We applaud and strongly support the inclusion of Section 706 in the draft legislation, which encompasses the Workplace Violence Prevention for Health Care and Social Service Workers Act (S. 1176). These provisions will ensure health care employers, including hospitals, take specific steps to prevent workplace violence and ensure the safety of patients and workers. Importantly, it will require health care and social service employers to develop and implement a comprehensive violence prevention plan which must include procedures to identify and respond to risks that make workplaces vulnerable to violent incidents.
Additionally, ENA encourages the Committee to include provisions of the Safety from Violence for Healthcare Employees Act (H.R. 2584). This legislation would establish criminal penalties under federal law for individuals who knowingly assault and intimidate hospital employees. Aggravating factors, such as the use of a weapon, would result in enhanced penalties. The SAVE Act, as introduced in the House of Representatives, also authorizes funds to be used to improve hospital workplace safety and security through training, improved screening and better coordination between hospital and law enforcement officials.
- Boarding in the Emergency Department and Appropriate Care for Mental Health Patients
The problem of patient boarding in the ED has reached a breaking point in hospitals throughout the United States. Boarding refers to the situation where admitted patients are held in the ED for long periods because no inpatient beds are available. Boarding contributes to burnout and stress among the health care workforce and contributes to nurses opting to leave their work in the ED.
An important contributing factor to the boarding crisis is the sharp increase in the number of Americans in need of mental health care services. Many patients visit the ED due to a lack of behavioral health resources in the community. Sometimes, patients board in the ED for months while waiting either for a psychiatric bed to become available inside the hospital or a transfer to a specialized psychiatric facility.
ENA specifically supports the inclusion of sections 501, 502, and 503, which support the expansion of mental, behavioral and substance use programs in several ways. There is great demand for trained professionals in these areas, yet resources supporting existing programs historically have fallen short of the need. Section 501 would assist more students and professionals to pursue behavioral health degrees and certificate programs by funding the Mental and Behavioral Health Education and Training Grants. Section 502 provides direct support to existing professionals burdened with student loan debt to practice in areas of the country where the need is greatest.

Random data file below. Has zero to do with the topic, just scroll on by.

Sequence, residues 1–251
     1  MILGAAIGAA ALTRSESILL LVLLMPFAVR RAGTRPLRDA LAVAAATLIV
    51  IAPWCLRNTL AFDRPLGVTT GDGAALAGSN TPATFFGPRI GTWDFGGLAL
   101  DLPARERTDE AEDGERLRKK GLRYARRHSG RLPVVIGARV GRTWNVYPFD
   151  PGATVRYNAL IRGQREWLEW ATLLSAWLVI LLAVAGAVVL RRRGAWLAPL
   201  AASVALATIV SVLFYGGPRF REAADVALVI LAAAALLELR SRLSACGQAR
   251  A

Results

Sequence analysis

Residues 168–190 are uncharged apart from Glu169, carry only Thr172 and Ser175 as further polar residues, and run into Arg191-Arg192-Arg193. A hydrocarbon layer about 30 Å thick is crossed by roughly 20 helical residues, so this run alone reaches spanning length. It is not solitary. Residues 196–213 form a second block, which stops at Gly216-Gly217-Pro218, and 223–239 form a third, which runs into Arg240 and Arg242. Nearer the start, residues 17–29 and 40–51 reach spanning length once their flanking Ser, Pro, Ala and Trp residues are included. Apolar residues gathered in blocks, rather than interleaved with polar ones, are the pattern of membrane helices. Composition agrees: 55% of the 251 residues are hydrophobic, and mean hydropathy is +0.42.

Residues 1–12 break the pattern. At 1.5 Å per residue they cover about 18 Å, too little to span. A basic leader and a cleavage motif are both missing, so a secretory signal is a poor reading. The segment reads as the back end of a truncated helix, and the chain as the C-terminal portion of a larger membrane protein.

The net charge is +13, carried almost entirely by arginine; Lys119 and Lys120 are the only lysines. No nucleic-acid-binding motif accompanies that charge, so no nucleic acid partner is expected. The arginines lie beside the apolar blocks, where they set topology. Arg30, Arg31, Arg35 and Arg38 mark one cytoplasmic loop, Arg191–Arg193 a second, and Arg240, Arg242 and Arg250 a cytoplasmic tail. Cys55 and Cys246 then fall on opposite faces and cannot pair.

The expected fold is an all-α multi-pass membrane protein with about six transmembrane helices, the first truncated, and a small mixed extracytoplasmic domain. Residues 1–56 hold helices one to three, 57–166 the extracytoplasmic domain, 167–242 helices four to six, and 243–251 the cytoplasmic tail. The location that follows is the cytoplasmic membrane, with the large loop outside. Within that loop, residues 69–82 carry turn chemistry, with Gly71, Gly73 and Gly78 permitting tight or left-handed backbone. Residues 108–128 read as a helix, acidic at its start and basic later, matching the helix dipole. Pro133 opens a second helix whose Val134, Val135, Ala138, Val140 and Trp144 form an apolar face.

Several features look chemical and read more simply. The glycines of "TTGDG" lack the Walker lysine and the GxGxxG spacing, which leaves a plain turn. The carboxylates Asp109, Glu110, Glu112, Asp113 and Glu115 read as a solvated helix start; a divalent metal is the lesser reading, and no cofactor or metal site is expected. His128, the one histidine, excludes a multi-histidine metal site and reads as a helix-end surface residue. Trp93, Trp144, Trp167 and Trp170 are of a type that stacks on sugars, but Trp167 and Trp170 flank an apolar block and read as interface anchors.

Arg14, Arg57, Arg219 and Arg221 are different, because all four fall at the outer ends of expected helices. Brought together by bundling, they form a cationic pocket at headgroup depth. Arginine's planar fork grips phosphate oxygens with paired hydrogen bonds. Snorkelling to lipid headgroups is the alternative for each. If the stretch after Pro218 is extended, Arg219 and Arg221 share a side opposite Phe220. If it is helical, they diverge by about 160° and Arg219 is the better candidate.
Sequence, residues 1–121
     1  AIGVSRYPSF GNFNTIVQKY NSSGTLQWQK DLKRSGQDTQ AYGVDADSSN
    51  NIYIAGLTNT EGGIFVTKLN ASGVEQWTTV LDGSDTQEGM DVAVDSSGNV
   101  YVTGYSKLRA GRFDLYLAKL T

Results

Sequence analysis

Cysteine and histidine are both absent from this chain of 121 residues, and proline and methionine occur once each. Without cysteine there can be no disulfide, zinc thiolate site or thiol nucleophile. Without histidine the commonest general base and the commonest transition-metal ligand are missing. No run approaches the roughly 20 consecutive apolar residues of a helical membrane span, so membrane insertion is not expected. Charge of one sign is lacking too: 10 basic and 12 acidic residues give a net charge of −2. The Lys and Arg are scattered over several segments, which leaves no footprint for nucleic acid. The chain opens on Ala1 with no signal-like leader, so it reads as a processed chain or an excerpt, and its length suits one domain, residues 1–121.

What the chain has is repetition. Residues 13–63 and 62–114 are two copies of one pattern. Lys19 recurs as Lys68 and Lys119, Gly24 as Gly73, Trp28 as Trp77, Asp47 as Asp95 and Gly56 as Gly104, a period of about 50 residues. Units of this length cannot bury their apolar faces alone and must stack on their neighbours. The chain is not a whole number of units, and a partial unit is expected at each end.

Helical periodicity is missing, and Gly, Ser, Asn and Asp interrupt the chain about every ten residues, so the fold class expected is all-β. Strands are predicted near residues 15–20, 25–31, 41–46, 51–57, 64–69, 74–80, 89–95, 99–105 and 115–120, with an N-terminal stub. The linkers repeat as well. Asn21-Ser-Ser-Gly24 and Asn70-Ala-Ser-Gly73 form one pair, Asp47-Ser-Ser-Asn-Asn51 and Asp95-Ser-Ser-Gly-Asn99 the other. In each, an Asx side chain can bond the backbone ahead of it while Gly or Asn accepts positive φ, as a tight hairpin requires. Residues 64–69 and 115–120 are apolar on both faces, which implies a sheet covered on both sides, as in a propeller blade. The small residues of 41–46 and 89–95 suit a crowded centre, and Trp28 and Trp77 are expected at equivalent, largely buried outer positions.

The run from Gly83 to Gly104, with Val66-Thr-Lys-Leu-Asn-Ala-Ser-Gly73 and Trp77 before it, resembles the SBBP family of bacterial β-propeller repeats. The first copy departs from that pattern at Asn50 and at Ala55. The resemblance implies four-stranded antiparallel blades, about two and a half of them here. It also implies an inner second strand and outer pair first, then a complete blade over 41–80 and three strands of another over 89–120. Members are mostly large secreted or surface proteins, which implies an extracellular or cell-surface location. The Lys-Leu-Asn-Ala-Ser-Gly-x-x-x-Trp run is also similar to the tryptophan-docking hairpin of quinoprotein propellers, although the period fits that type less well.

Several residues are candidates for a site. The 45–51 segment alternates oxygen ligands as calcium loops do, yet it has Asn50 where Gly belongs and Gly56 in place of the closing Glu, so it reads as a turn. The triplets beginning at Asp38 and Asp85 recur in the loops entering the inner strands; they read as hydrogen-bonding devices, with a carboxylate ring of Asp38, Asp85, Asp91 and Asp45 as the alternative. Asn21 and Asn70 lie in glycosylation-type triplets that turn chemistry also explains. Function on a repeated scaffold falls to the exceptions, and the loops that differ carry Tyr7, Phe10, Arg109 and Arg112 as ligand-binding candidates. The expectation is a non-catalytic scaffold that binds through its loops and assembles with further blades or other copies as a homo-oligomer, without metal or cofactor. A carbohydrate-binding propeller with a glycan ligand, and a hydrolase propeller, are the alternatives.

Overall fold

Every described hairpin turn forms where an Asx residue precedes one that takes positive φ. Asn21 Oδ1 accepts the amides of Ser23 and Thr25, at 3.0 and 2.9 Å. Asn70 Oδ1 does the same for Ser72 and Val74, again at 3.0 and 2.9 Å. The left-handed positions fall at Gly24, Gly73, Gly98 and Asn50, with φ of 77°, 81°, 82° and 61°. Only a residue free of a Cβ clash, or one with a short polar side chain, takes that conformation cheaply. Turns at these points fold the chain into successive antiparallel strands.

ENA also supports section 503 of the draft legislation, which enacts the Health Care Capacity for Pediatric Mental Health Act. These provisions would establish an important framework for expanding and improving pediatric-specific services related to mental, emotional, behavioral or substance use disorders and conditions, especially in underserved or high-need areas of the country. Unfortunately, the need for these services has spiked in recent years. For instance, a CDC report found a 39 percent increase in visits to the ED for suspected suicide attempts among youths aged 12-17 during February-March 2021 as compared to the same period in 2019. ENA strongly supports this program, which expands much-needed psychiatric care for children and adolescents.
Lastly, ENA supports efforts to reduce boarding by increasing treatment options for mental health patients outside the ED. Specifically, we urge the inclusion of the Improving Mental Health Access from the Emergency Department Act (S. 1346) in your draft legislation. S. 1346 would establish a competitive grant program for EDs to implement approaches for securing follow-up care for patients who are experiencing a mental health crisis, including better coordination with regional providers to expedite the transition from the ED; increasing the number of inpatient psychiatric beds to lessen the wait time in placement; and expanding emerging approaches like telehealth to help EDs provide appropriate care in a timely manner. The impact of these policies would be immediate. They would reduce the staffing requirements in hospitals and improve the work environment in EDs, which in turn will improve the recruitment and retention of emergency nurses.
Thank you again for the opportunity to provide our input on the causes of the health care workforce shortage, especially as it pertains to emergency nurses, and solutions for addressing this crisis. We greatly appreciate your commitment to developing bipartisan legislation related to this important issue. If you have any questions or require additional information, please contact ENA’s Chief Government Relations Officer, Richard Mereu, at 202-741-9373.
Terry Foster, MSN, RN, CEN, CPEN, CCRN, TCRN, FAEN,
2023 ENA President